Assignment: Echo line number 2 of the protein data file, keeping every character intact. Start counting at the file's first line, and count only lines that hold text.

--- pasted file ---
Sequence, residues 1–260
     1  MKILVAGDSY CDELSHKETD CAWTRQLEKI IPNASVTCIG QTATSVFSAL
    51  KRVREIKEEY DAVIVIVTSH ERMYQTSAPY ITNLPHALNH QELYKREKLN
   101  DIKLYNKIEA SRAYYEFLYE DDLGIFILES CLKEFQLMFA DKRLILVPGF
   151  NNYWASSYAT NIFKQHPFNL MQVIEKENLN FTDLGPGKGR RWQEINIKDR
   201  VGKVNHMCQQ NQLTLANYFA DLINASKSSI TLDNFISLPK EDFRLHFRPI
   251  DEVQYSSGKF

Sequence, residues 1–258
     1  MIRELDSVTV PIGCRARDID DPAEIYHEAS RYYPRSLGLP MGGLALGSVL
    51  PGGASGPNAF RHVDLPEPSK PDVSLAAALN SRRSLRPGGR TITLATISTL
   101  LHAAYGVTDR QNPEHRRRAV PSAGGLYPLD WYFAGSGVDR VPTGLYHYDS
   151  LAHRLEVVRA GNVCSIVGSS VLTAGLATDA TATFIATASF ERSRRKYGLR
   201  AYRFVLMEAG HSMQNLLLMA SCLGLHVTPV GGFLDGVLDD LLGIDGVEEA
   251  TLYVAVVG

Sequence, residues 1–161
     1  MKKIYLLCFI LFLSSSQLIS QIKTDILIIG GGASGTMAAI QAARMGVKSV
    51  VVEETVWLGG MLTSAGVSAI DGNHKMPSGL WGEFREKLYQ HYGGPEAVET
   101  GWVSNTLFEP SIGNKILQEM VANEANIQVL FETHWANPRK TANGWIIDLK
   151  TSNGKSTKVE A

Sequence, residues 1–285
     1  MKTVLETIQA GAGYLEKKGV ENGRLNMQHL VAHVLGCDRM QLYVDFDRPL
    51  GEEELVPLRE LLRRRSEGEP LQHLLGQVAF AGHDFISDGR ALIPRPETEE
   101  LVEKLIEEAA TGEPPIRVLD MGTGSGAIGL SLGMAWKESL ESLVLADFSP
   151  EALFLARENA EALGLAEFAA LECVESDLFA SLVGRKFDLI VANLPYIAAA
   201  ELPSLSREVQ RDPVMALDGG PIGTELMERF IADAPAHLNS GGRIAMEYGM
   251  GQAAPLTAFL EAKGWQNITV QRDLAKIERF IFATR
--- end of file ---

     1  MKILVAGDSY CDELSHKETD CAWTRQLEKI IPNASVTCIG QTATSVFSAL